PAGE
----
When the iPhone launched in 2007, nobody had any idea just how much the smartphone would change lives. Nowadays, it seems impossible to meet someone who doesn’t have a Samsung or Apple hidden in their handbag or pocket, or even being used right in your face while you’re trying to have a chat with them. There’s no denying that smartphones have completely changed the way we live, but what are some of the most monumental ways they’ve impacted our lives and is it for the better or worse?
There’s both good and bad to be found here, with Roy Morgan reporting that 91% of teenagers aged 14 to 17 have smartphones. On the one hand, it’s great that our children have a way to stay in touch in an emergency, but on the other, smartphones lead to a whole new world of dangers for them, from online predators to the capturing of information and images that can stay around forever.
Mothers will be especially guilty of this, but having a smartphone at the ready means you can Google just about anything you want an answer to. Rather than using it for factual information and the weather, most of us like to look up symptoms we might be feeling or solutions to parenting problems, sometimes making matters worse for ourselves.
As parents, it’s great to have an easier way to order takeaway, buy new clothes for the kids, and do our weekly grocery shop all from the palm of our hand. Smartphones have certainly made it easier to get the mundane jobs done when you’re on the go, and for that, we’re eternally grateful.
The babies and children of today will have photo albums that far exceed earlier generations, thanks to the smartphone. Nowadays, parents can click away with their phones and capture images every day, share them on social media, or keep them for themselves. Having a camera on you at all times means you’re more likely to snap the mundane stuff too, which can be even more enjoyable to look back on.
As women, we’ve never had such access to health and lifestyle trackers before, and there are many ways our smartphones can help us lead a healthier life. Whether you use an ovulation or period tracker, keep a record of your nutrition and fitness, or rely on an app to remind you of your baby’s immunisation schedule, your phone can seemingly do it all.
Gone are the days of the dusty old cookbook handed down from generation to generation. Now that we have smartphones, we have a world of cuisine at our fingertips. There are even apps out there that allow you to plug in the ingredients you have on hand, and it will show you what recipes you can create with them. This can save busy mums time and money, and they’re great for all cooking skills level.
Smartphones have completely changed the way we work out, giving us more options than ever. There are apps that allow you to do a complete yoga workout in your lounge room with a guided instructor, some that track a running path for you and record your best times, and playlists on your favourite streaming service that can motivate you through the toughest workout. However, try to avoid texting as you hit the treadmill, as studies have shown it can reduce the positive effects of exercise if you’re paying attention to your screen instead of the workout.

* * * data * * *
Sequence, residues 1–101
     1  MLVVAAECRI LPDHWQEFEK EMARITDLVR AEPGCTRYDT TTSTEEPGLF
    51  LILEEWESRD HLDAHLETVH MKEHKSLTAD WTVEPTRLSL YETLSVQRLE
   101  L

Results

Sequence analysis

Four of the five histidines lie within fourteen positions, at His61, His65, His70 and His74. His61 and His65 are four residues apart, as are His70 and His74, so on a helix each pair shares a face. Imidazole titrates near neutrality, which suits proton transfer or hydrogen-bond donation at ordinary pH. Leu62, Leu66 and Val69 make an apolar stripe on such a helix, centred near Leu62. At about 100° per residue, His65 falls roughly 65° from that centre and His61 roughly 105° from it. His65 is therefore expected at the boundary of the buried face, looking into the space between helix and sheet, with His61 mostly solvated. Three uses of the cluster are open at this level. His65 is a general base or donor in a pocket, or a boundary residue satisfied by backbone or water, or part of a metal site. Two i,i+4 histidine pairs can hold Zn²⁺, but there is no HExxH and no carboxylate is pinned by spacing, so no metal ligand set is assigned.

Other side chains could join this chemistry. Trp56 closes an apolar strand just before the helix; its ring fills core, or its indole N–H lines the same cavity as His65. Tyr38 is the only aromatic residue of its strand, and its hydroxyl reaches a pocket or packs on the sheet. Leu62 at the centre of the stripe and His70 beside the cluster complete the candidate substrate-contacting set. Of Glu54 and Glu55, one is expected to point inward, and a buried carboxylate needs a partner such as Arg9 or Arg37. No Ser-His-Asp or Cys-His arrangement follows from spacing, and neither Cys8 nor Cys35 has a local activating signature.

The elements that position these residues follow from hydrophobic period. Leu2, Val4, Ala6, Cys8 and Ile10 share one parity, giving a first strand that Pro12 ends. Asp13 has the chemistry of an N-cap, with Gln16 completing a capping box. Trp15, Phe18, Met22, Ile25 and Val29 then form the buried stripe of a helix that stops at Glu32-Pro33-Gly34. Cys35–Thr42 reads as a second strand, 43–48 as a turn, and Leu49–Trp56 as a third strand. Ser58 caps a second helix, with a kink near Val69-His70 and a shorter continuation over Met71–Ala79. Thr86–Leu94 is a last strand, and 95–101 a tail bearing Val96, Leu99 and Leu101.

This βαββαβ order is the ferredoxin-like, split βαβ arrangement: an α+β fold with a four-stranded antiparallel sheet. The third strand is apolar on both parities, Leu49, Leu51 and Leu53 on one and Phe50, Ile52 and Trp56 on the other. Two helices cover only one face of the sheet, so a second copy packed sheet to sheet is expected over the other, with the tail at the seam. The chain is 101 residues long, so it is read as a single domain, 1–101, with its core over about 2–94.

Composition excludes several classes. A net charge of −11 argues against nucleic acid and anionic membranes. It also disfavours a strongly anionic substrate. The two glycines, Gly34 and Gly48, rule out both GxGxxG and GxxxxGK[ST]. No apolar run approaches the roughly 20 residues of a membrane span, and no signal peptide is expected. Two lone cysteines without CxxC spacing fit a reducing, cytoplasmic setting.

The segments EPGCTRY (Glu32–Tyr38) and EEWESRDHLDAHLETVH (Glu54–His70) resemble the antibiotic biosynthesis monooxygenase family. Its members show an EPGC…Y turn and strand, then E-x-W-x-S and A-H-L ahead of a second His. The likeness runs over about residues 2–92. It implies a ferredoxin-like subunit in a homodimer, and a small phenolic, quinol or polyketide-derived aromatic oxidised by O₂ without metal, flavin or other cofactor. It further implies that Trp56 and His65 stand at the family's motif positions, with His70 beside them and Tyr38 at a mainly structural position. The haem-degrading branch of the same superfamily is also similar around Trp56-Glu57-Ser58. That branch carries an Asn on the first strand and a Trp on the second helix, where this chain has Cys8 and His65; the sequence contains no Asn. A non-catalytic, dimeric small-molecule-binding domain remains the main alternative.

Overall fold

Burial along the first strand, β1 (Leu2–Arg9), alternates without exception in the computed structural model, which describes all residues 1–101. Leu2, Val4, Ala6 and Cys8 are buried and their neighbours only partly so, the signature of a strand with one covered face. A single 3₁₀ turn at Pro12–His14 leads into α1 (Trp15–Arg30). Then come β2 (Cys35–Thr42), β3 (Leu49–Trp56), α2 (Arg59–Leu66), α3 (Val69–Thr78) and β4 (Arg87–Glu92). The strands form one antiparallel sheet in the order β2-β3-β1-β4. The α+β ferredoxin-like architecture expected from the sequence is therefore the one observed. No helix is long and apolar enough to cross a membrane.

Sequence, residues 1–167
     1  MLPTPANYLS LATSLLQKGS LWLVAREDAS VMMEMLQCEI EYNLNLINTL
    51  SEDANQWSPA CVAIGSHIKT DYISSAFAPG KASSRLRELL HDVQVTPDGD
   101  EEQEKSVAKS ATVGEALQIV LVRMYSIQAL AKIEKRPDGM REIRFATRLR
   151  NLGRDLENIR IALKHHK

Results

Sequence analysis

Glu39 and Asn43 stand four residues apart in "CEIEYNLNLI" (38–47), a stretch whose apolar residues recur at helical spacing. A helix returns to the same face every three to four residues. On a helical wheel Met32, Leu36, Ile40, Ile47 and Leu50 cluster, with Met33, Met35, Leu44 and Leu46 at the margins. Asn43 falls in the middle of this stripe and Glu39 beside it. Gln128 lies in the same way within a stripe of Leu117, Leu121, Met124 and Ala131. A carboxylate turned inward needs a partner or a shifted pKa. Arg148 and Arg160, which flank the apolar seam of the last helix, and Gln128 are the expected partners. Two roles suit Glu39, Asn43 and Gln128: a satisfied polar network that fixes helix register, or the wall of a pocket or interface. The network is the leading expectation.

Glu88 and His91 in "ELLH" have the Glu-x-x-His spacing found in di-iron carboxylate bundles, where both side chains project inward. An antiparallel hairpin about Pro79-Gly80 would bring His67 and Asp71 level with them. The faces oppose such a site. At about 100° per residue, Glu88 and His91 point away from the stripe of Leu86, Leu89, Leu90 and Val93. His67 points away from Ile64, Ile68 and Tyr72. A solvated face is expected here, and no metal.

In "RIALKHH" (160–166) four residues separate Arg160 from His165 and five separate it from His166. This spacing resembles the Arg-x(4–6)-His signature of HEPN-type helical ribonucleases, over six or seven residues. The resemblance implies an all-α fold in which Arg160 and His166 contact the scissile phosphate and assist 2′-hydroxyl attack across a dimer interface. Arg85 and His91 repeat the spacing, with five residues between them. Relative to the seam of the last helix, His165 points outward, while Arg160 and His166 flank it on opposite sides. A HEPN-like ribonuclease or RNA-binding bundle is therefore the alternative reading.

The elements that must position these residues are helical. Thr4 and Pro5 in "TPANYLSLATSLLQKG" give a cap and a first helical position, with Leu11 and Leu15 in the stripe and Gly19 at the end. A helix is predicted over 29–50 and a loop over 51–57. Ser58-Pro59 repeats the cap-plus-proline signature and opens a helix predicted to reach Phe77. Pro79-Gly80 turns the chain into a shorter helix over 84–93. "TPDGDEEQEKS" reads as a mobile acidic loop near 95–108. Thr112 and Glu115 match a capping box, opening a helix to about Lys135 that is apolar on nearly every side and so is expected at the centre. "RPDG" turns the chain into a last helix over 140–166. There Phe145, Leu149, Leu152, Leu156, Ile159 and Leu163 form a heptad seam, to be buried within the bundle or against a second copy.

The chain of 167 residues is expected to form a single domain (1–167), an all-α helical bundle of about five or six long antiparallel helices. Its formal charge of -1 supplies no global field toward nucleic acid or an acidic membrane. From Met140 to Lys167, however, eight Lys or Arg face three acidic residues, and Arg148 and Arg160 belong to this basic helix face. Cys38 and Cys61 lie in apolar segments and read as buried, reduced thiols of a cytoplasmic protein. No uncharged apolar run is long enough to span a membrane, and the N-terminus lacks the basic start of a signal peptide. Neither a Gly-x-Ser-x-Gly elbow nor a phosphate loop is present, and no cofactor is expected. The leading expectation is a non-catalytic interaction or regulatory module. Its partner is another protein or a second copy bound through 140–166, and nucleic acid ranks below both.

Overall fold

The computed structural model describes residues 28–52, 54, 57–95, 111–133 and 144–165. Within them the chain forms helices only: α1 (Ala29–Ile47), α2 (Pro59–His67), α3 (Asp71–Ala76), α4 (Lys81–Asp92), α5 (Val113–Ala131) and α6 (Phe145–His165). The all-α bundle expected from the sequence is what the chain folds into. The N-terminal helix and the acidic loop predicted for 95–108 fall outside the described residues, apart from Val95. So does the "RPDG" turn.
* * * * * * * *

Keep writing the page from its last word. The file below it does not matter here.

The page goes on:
One area that seems to suffer for some, thanks to smartphones, is our relationships. A study published in the Journal of Development showed that just under half of the participants felt they were guilty of looking at their phones rather than their children at least three times a day. It’s not just children who take notice, though. Many of us know what it feels like to be at the receiving end of someone who would rather look at their smartphone than make eye contact with us.
There’s no doubt that smartphones will be heralded as one of the biggest and most influential devices in history, and it’s hard to remember a time before them. Although they can be hugely beneficial in our lives, and for mums especially, there needs to be a line drawn about their appropriate use.
There’s nothing wrong with taking a break and zoning out now and then or scrolling through your Facebook feed from time to time, but if you feel you’re becoming too reliant on your trusty smartphone, it might be time for a self-imposed screen break.
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|FRONT RISE||28||11||29||11 1/2||30||11 3/4||31||12|
|INSIDE LEG||76||30||77||30 1/3||78||30 2/3||79||31|
* 'Inside Leg' is the measurement that indicates the pant's length.
** The 'Front Rise' is the measurement from your crotch to your belly button.
The sizing & fit of Peachymama nursing clothes are specially designed for you and your ‘after baby’ body. This means that if you were say, an AU/UK ’S’ (8-10) before bubs came along, you’ll most likely be the same now in Peachymama sizing.
Wrap the measuring tape around the fullest part of your bust, waist and hips. When measuring your bust we recommend you wear your nursing bra.
Watch Taryn explain...
In the video, Taryn wears size 12/14 (AU Medium)
Questions? Contact Stacey(Monday to Friday 9am-5pm AEST.)